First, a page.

Swine flu vaccination programme starts in Brighton and Hove
15-11-09. Priority patients in Brighton and Hove received an invitation to be vaccinated against swine flu over the weekend.
The invitation, received on Saturday November 14, was sent to patients who have the greatest risk of complications if infected by swine flu.
The number of vaccine doses in the initial delivery will be limited, and the vaccinations will be given on a first come, first served basis, to those invited by their GP practice.
It is not known when the next deliveries of vaccine will be received.
A Department of Health leaflet said the priority groups are: those with a long-term health condition; pregnant women; and those living with people who have immune system problems, such as cancer sufferers.
How serious is the Swine Flu Pandemic?
On November 12, the NHS said that new cases of swine flu in the UK fell by 24% to 64,000 cases, down from 84,000 the week before.
The number of people needing hospital treatment remained high, with 785 patients in hospital, including 173 receiving critical care.
The UK has also seen 28 more deaths related to swine flu, raising the total to 182: 124 in England, 33 in Scotland 14 in Wales and 11 in Northern Ireland.
Governments throughout the world have taken swine flu very seriously, remembering flu pandemics in 1918, 1957 and 1968, when millions of people died across the world. The UK’s September revision of planning assumptions for swine flu cut the estimated death toll in a worst-case scenario from 65,000 to 19,000, assuming that 30% of the population is infected.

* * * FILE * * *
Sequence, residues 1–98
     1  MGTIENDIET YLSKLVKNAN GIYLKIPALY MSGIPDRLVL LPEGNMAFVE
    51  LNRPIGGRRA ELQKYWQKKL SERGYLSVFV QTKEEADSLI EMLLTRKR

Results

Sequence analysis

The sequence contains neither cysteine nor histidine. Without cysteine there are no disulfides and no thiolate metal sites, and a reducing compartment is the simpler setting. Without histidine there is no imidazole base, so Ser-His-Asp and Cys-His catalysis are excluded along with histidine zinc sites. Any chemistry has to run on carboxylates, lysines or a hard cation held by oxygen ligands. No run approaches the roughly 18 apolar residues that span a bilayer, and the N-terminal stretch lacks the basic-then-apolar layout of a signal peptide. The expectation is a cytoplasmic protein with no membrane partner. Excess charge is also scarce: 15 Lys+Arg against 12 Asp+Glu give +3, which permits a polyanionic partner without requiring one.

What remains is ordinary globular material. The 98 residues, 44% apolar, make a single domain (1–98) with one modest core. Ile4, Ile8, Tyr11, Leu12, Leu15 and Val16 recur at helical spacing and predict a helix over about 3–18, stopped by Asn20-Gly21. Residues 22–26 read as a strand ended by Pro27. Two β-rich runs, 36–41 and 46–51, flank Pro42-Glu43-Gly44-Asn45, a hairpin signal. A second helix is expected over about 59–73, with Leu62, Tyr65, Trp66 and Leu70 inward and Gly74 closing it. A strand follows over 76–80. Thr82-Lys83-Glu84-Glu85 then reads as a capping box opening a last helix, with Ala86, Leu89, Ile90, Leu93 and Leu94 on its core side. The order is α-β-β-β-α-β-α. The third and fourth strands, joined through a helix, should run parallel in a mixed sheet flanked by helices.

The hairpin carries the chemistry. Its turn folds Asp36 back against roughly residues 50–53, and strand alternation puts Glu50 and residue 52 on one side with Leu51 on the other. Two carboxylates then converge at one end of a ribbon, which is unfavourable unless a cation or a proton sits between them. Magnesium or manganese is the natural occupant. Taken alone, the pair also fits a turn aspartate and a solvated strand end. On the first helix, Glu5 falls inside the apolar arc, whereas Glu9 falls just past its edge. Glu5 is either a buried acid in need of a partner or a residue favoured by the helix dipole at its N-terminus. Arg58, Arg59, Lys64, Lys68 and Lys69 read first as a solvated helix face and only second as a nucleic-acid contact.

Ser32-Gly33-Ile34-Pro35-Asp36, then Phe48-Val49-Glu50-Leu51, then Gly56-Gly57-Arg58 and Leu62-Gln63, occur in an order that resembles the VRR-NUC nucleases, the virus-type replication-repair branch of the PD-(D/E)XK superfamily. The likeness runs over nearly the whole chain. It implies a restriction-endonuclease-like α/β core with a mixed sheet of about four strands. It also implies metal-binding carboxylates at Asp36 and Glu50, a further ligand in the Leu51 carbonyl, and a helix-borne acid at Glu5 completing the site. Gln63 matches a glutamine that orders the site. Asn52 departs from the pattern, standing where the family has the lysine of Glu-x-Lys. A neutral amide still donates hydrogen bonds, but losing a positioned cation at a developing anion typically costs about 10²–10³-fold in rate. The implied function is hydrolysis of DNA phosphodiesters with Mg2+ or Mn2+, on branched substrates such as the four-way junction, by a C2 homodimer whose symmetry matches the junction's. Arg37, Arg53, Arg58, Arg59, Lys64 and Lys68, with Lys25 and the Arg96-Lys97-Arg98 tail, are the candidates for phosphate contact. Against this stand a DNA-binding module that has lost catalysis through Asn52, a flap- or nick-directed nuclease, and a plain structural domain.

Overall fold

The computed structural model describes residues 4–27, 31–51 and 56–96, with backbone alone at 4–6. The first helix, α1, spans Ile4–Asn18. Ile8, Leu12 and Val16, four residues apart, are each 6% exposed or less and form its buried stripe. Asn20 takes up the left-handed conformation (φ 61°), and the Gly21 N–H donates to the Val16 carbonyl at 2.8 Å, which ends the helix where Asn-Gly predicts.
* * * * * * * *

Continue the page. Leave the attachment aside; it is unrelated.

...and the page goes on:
But so far, most cases of swine flu have been mild. Only a small number have led to serious illness, and these have often been in patients with existing health problems, such as cancer, that already weakened their immune systems.
Antiretroviral drug Tamiflu is being used to treat swine flu (also known as H1N1 after the virus that causes the disease). This may not be necessary - in its latest advice, the NHS says many people with swine flu only get mild symptoms, and they may find bed rest and over-the-counter flu remedies work for them.
Adverse Reactions to Swine Flu Vaccines
The NHS says swine flu vaccinations are safe, and the European Commission has licensed them, but adverse reactions have been reported.
The Department of Health’s Medicines and Healthcare Products Regulatory Agency (MRHA) said it had received 188 reports of 460 suspected adverse reactions to the swine flu vaccines by November 5.
None were fatal, and most were non-serious injection site reactions such as pain, swelling, and redness, or the minor adverse effects of many vaccines, such as nausea, vomiting, dizziness muscle pain, fever, fatigue, headache, and swollen glands.
All adverse reactions are reported, even if they are only suspected, and the MRHA emphasised that the vaccine may not be the cause of the reaction reported.
The two vaccines in use in the UK are Celvapan and Pandemrix.
The MRHA said: “The balance of benefits and risks for Celvapan and Pandemrix remains positive.”
The European Medicines Agency (EMEA) issued licences to both Celvapan and Pandemrix under ‘Exceptional Circumstances’, when swine flu became a pandemic claiming lives. The EMEA says it has not yet been possible to obtain full information about the vaccines. The vaccine manufacturers will collect safety information while the vaccines are being used.